The Power of Jade

Originally from Beijing China, Ruby Zhou has sold jade in Hawai’i for ten years. She can tell you all kinds of stories about the stone, like one about the woman who walked away from a car accident unscathed save for her broken jade bracelet. (“Jade will break before you do,” Zhou says.)

Or the Filipino mother who collected jade Buddhas; she saw one in a vision as her car careened off a cliff. (“Nobody got hurt,” Zhou says.)

Not only can jade save you from disaster, it can purportedly protect you from evil, attract love and, of course, bring good luck. That’s why parents place tiny jade bracelets on newborns, and business owners keep jade figurines in their restaurants and shops.

It’s also probably the most common good luck charm that people—especially those from Hawai’i— take to Las Vegas, where any help in that department can have financial rewards. The charms might be anything from jade pendants to small frogs, which are symbols of prosperity, kept in pockets and purses. “As long as it touches your body,” Zhou says, “it’s good.”

Sally McKeever, a 32- year old teacher from Kailua, takes a piece of jade with her whenever she travels. She believes that the stone brings good thing to her life. “When I wear my jade pieces, I feel inspired, confident and linked to something special and meaningful,” she says. “I love the history, the meaning and the mystery of jade.”

Jade is an ornamental stone, considered the imperial gem in ancient China and used for centuries to make weapons, tools, jewelry and other decorative pieces. There are two types of this metamorphic rock: nephrite and jadeite. Nephrite is harder but jadeite shows more color—blue, lavender, pink, emerald green—making it the more popular variety.

Over the past seven years, McKeever spent hours browsing Zhou’s former shop at Windward Mall in Kane’ohe, learning from the owner about the stone’s history, influence and power. Among McKeever’s favorite pieces are a white nephrite ring, a green nephrite bangle, a honey jadeite beaded necklace with matching bracelet and moss- and snow-colored antique Ming-era jadeite ring with a carving of a lotus and frog.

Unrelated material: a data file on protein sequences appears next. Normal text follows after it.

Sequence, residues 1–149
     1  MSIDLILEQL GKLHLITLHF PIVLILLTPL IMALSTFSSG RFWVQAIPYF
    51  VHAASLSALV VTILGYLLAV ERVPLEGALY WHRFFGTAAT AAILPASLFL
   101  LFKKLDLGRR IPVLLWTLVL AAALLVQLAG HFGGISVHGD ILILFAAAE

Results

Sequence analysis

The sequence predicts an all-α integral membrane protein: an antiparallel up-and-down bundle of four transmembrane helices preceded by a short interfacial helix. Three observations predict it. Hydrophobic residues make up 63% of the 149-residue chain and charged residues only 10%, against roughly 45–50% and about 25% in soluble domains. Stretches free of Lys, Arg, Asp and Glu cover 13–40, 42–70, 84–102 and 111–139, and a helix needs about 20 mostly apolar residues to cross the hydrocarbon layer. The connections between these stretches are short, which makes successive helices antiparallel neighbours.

Maybe there’s something to it. Two years ago Melissa Chang, a 45-year-old freelance writer from Honolulu, received a pair of jade earrings from her cousin. She believes the alluring green stone attracts the green of cash. So no matter what she’s wearing, Chang will don those earrings on her trips to Vegas -- complementing the open-mouthed frog ring, Hawaiian salt, red underwear and green Kaeru Power rubber bracelet she also brings -- fashion faux pas or not.

And the proof is in the outcome: Chang says. “My parents were big into going to Las Vegas and my dad had a nice green jade ring. When he first started wearing it, he told me that the deeper the green was, the more good luck it brought. He always wore it to Vegas and as far as I know, he did pretty well on the craps table.”

Because of its special properties, jade pieces are often passed down through generations of families. This becomes another way the stone can summon good luck, Zhou says.
“When jade is worn long enough, the stone absorbs your body temperature, the minerals and chemistry, all that,” she says. “It’s like a life stone. As with pearls, your body oils make a pearl have more luster. Put it away, it loses that luster.”

Zhou says jade reflects the person wearing it. If you don’t take care of it, the stone will start to dull and crack. But if you’re happy, if you’re healthy, the jade will shine and come alive. Your spirit, she says, becomes part of the stone.

“It’s a belief, it’s a miracle,” she says. “And I respect that.”

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